Sep 18, 2020: Lifespan consequences of childhood lead exposure

Fall 2020 Seminar Series (ENV 847-S/PHARM 847-S)

Duke Integrated Toxicology & Environmental Health Program

Friday, September 18, 2020, 12:00 – 1:15 pm

*Live Zoom Presentation. Register HERE to receive Zoom link!*

AARON REUBEN, MEM, PhD CANDIDATEAaron Reuben, PhD candidate

Department of Psychology & Neuroscience

Duke University

Pronouns: He / Him / His

Lifespan consequences of childhood lead exposure: evidence from the four-decade Dunedin Study

Millions of adults born during the peak use of lead in gasoline (1960’s-1980’s) were exposed to high levels of lead, a neurotoxicant, as children. Lead disrupts brain development, with known consequences for child cognitive, fine-motor, and emotional and behavioral development. Less well-known are the consequences later in life. This talk will present the recent history of lead exposure in the US and globally and describe the new findings on lifespan consequences of early life exposure as revealed by long-term follow-up among lead-tested members of the multi-decade New Zealand-based Dunedin Study.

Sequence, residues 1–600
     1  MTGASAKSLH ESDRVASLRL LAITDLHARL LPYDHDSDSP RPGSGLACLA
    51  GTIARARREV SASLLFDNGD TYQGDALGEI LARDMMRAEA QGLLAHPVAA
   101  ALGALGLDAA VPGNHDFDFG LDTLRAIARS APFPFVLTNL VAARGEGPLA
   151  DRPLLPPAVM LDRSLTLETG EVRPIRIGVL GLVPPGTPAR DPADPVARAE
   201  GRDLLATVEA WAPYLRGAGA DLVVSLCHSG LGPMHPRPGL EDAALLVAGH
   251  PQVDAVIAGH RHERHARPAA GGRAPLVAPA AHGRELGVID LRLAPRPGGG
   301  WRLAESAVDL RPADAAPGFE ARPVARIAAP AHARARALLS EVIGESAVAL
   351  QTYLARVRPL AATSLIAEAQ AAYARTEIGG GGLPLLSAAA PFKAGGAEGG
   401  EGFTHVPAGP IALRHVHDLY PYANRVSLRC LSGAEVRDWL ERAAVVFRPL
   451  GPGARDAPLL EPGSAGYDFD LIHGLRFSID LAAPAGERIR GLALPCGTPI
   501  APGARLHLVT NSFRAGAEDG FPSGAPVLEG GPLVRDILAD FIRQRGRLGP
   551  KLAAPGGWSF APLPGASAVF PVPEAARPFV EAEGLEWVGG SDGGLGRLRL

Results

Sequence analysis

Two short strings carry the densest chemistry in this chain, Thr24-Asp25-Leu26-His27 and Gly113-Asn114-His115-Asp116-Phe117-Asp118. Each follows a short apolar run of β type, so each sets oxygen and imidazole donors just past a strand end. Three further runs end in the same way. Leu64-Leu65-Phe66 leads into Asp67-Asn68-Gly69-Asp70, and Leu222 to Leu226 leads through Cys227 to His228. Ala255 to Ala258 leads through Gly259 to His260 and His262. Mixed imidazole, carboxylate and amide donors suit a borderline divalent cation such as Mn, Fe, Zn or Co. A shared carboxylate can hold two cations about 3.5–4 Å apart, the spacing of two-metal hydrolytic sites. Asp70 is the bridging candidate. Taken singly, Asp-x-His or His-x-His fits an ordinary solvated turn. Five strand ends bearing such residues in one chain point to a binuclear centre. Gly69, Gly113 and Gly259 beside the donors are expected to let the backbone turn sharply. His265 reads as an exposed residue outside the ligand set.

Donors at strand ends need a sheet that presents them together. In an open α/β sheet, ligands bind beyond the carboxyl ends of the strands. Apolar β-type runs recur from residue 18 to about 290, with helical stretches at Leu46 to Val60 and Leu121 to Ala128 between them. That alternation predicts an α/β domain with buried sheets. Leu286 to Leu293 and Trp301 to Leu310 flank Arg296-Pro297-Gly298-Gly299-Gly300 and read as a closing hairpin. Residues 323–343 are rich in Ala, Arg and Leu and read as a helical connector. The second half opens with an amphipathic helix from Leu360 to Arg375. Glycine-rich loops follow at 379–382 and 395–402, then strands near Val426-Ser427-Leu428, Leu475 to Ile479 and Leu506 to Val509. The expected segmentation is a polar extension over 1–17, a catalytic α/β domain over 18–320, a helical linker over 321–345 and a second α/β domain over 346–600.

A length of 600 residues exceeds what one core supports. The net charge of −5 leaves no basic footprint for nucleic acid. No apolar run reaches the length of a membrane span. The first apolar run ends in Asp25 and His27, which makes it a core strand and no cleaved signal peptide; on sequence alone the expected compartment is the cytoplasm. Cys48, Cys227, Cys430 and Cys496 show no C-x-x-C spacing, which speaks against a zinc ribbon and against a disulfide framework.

BIOGRAPHY: Aaron Reuben is a science writer, environmental epidemiologist, and clinical psychologist-in-training at Duke University. His research examines the Developmental Origins of Health and Disease (DOHaD) hypothesis, investigating the influence of the early-life environment on child brain, cognitive, and emotional development and, later, adult brain, cognitive, and emotional health, with particular focus on neurotoxicants and the built environment. His clinical work focuses on child and adult neuropsychological assessment as well as therapy for mental disorders with cognitive complaints and organic brain impairment, including ADHD, executive dysfunction, depression, anxiety, and insomnia. His science writing considers the overlap of public health, nature, and neuroscience.


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